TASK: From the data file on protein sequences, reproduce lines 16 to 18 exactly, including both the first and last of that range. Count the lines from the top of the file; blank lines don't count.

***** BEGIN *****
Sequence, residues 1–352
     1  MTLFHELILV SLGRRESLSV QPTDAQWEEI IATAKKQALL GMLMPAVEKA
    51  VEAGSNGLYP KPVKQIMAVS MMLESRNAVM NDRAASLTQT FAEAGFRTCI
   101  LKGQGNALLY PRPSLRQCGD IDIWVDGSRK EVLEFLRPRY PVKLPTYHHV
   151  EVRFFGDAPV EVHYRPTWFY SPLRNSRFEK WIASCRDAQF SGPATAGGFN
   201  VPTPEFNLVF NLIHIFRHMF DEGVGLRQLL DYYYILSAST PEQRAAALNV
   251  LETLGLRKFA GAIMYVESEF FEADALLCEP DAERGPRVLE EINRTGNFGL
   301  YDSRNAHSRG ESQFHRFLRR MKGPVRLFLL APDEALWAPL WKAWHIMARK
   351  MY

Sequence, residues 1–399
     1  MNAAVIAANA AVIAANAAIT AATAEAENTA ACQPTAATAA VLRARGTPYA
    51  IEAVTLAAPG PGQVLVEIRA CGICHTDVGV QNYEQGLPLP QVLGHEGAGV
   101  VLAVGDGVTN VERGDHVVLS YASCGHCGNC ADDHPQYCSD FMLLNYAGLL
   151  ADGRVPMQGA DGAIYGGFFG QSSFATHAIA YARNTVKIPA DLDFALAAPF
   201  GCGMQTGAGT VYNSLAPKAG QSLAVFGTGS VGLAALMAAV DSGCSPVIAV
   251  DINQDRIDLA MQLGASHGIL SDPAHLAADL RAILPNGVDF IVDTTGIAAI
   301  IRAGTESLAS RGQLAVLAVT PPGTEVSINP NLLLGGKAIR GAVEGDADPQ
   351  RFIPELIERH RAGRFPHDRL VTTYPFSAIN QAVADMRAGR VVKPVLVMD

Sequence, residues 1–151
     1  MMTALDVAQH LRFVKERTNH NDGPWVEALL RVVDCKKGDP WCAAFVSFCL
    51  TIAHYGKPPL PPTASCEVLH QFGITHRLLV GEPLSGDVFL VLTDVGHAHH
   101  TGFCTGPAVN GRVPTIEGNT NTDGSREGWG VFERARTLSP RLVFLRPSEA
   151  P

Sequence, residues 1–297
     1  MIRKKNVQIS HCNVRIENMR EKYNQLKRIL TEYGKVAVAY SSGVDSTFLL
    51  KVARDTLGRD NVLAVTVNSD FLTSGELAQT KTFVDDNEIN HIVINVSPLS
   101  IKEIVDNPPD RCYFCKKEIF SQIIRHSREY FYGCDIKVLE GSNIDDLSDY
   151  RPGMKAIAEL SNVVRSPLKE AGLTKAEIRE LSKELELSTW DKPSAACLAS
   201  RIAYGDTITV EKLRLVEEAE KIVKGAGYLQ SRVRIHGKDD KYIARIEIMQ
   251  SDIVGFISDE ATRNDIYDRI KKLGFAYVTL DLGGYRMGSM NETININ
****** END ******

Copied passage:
   251  DINQDRIDLA MQLGASHGIL SDPAHLAADL RAILPNGVDF IVDTTGIAAI
   301  IRAGTESLAS RGQLAVLAVT PPGTEVSINP NLLLGGKAIR GAVEGDADPQ
   351  RFIPELIERH RAGRFPHDRL VTTYPFSAIN QAVADMRAGR VVKPVLVMD